Racing boat that roughed up Beatles is restored

Published February 21 2014

Fifty years ago this week four boys from Britain took a boat ride in Miami. They had appeared on television the night before, a program called The Ed Sullivan Show, and they wanted to cut loose.

So they hopped into the prototype of a new offshore race boat named The Cigarette. The boat's builder, a man whose company would later become synonymous with go-fast boats, fired up the 435-horsepower engine, and hit the throttle.

"I don't think the Beatles knew what they were in for," said Tampa's Bob DiNesco, who now owns the refurbished 233 Formula along with his brother and father. "John, Paul and George got a little seasick. But Ringo, he had the time of his life."

The "Fab Four" made their second appearance on the popular variety show on Feb. 16, 1964. The next morning, the Beatles met Don Aronow to check out his 23-foot speedboat that he had named after a legendary style of smuggling craft.

"Formula was his first race boat," said DiNesco, 57. "He went on to be associated with so many other famous boats: Magnum, Donzi and, of course, Cigarette."

The Cigarette Racing Team brand, popularized by the 1980s television series Miami Vice, eventually became associated with all performance boats, regardless of the manufacturer.

The DiNescos said they have invested about $100,000 in the boat and its restoration. The engine, a 1963 Kiekhaefer 409, was originally developed for NASCAR to run with the legendary Chevrolet 409.

Innovation Marine of Sarasota updated the engine, the only one of its kind in existence, to 2014 specifications. The company kept the original block, crankshaft, rods and intake manifold but added new roller rockers, ignition, dual quad carburetors and headers. For authenticity, the owners also kept the original cast Kiekhaefer one-off valve covers.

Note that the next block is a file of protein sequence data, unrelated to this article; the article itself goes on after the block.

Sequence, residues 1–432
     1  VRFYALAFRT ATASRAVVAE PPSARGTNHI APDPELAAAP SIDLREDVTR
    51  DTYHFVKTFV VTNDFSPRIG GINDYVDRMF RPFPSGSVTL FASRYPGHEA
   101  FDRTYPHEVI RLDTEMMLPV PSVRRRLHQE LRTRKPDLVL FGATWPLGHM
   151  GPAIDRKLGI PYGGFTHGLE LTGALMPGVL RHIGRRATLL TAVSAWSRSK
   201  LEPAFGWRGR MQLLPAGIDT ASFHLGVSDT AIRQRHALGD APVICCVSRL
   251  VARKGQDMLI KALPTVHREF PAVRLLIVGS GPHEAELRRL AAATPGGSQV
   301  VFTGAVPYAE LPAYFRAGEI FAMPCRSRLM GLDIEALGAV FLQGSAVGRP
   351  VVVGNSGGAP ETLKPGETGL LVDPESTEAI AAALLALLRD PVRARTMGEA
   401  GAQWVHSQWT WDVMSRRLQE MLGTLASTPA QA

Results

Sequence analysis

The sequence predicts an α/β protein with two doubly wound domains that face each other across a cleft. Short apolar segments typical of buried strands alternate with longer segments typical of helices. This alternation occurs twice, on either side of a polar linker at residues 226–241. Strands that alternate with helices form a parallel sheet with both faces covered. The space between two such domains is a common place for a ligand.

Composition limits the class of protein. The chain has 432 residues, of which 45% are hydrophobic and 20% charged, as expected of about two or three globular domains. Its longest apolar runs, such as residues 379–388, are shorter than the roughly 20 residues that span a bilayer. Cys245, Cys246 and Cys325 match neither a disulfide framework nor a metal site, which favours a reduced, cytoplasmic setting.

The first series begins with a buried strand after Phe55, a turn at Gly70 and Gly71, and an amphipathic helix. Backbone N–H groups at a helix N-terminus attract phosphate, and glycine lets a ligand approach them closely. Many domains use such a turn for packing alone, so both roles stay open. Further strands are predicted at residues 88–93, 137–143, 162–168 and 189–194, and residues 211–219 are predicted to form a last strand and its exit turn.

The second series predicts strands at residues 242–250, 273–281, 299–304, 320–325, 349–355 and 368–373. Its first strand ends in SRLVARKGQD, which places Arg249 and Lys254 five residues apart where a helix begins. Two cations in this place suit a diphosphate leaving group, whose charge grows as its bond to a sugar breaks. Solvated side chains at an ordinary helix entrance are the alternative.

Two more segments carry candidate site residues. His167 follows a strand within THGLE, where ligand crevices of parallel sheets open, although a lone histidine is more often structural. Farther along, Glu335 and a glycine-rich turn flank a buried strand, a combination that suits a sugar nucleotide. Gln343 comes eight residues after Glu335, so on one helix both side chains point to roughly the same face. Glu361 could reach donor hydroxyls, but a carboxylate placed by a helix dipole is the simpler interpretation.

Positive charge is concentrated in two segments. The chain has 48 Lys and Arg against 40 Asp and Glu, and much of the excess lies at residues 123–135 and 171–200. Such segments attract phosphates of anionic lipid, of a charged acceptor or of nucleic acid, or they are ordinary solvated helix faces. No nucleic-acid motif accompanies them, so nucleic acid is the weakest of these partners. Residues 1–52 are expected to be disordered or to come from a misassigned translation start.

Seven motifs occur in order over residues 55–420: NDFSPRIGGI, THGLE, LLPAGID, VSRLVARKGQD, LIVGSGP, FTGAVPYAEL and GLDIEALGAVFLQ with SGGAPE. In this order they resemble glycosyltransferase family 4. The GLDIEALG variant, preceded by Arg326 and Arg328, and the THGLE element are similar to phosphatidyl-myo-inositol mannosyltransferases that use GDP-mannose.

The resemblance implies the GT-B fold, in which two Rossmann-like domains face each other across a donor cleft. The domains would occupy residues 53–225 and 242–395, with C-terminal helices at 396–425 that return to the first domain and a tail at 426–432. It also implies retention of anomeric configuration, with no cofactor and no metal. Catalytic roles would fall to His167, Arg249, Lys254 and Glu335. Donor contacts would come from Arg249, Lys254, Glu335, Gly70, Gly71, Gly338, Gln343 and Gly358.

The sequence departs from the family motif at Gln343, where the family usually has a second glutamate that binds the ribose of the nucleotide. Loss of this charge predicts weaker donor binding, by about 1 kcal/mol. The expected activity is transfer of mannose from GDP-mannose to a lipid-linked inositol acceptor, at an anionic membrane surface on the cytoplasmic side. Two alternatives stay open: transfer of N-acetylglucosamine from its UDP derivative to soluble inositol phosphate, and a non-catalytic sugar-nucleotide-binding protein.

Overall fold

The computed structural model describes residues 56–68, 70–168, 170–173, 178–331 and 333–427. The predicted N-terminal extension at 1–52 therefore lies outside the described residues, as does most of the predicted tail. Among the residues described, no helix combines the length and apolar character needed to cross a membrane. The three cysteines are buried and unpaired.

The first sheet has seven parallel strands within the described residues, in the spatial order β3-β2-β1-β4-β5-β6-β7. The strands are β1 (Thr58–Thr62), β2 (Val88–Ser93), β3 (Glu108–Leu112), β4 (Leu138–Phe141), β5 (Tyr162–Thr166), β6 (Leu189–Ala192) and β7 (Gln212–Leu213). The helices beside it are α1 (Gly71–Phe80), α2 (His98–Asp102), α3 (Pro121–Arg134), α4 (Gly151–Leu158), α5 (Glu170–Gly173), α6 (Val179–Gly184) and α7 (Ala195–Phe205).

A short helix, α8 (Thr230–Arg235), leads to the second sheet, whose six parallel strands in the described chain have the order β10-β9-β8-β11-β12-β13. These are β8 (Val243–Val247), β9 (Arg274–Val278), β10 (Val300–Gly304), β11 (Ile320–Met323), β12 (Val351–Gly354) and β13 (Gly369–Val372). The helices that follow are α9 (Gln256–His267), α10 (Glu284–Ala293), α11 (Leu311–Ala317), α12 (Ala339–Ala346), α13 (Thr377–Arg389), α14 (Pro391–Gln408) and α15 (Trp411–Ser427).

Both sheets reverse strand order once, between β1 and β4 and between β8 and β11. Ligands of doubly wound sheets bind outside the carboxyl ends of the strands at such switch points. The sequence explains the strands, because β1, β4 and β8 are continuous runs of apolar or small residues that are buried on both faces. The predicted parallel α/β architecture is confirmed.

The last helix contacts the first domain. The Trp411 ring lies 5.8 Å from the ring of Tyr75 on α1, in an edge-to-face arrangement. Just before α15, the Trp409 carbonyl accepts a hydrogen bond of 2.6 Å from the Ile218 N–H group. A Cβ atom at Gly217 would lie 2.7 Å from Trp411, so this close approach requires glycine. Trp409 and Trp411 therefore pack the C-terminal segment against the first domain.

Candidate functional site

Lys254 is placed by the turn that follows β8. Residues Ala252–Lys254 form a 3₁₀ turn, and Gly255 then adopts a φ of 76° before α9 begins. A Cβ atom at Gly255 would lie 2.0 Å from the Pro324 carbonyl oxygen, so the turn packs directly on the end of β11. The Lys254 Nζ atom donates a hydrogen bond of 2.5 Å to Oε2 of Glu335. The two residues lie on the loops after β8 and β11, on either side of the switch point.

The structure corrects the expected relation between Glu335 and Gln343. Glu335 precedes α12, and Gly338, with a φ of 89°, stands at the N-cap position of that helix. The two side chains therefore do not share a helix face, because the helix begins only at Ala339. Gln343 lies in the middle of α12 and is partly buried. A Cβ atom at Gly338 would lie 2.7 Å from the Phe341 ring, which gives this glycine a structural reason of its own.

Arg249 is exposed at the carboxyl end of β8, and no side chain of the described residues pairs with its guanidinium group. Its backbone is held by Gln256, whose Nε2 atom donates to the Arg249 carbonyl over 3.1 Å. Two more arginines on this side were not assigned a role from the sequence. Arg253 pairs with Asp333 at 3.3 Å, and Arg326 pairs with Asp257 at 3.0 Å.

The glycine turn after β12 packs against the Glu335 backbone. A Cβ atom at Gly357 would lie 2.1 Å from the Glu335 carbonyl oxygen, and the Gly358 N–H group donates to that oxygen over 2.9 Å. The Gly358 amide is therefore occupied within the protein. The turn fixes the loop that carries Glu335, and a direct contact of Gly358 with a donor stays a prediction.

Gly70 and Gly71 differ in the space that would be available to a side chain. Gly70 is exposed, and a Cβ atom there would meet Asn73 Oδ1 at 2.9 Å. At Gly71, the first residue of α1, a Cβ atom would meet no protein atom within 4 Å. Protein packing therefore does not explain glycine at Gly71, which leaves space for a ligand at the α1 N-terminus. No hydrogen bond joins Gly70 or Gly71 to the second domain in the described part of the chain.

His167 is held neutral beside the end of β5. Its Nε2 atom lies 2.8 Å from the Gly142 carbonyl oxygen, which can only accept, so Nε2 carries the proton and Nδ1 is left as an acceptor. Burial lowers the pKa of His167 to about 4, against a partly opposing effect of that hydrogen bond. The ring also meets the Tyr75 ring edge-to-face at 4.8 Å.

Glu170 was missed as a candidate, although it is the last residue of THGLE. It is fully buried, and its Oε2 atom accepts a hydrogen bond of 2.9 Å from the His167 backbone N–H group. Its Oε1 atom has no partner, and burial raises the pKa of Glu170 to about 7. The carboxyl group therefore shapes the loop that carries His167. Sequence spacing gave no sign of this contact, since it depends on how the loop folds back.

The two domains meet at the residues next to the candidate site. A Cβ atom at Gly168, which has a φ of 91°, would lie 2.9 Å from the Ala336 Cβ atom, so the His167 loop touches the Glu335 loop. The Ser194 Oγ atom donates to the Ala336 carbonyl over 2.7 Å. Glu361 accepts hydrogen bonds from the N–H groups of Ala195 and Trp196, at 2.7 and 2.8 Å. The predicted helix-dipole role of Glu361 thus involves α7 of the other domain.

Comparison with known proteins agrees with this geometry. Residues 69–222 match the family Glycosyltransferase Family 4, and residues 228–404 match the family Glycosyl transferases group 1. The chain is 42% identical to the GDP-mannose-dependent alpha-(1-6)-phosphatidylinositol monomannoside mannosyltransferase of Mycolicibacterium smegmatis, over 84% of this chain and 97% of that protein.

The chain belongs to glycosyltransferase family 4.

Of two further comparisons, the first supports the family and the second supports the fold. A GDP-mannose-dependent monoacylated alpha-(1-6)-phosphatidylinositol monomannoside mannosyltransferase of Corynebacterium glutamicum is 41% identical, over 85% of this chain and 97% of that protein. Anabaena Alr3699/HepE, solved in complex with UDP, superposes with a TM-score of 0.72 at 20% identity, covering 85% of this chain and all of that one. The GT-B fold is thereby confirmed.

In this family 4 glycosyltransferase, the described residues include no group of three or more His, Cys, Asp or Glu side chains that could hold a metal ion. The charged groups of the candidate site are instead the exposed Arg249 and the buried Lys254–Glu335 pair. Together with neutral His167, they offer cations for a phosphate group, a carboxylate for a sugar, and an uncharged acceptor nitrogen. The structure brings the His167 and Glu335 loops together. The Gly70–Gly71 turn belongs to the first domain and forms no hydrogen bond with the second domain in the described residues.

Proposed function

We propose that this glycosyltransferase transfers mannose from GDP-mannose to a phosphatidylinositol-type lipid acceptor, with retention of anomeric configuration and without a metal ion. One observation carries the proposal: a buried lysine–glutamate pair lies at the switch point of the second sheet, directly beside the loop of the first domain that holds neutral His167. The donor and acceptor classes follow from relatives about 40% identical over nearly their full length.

With a top speed of 60 mph, the restored Formula has stayed true to its original racing tradition. There are no seats. Pilot and passengers must stand — the best way to handle big waves at high speed — just like the old-school offshore racers.

"We tried to stay true to tradition," said DiNesco, who owns the boat with his brother, Scott, 50, and father, Robert, 84. "This boat was a legend in offshore racing."

It was Aronow's first production race boat, hull No. 1. Bob DiNesco said he often gets odd looks from other performance-boat enthusiasts when he pulls into a marina. The hull is obviously a Formula, but the name says The Cigarette.

"One guy told me I had a lot of nerve naming the boat Cigarette," DiNesco said. "When I told him who did name it, that shut him up."

Aronow piloted The Cigarette in its inaugural race, from Miami to Key West. George Peroni bought the boat from Aronow in 1964 and renamed it Empirical. Peroni campaigned the boat for eight seasons, winning the Miami-to-Nassau race and the Bahamas 500.

The DiNescos later bought the boat, which had fallen into disrepair, from the Peroni family and began the long, multiyear process of restoring the boat to its former glory.

On Sunday, 50 years from the day the Beatles took to the stage in Miami, the DiNescos dropped the boat, which they returned to its original name, into the water at the Tampa Harbour Marina.

The boat handled well at top speed. The steering was tight, and overall, it felt solid and sound, more so than most boats made with modern materials and building techniques. But I must confess I felt a little nervous, like a teenager who has been handed the keys to his dad's new car, and relinquished the wheel after a matter of minutes.

"I'm afraid I'll break it," I told DiNesco.

He laughed. "This boat has been through a lot over the years," he said. "It's still running."

Take a ride on the Formula with Terry Tomalin by tuning into WFTS-ABC Action News Sunday morning from 6-7 a.m. and 8-9 a.m.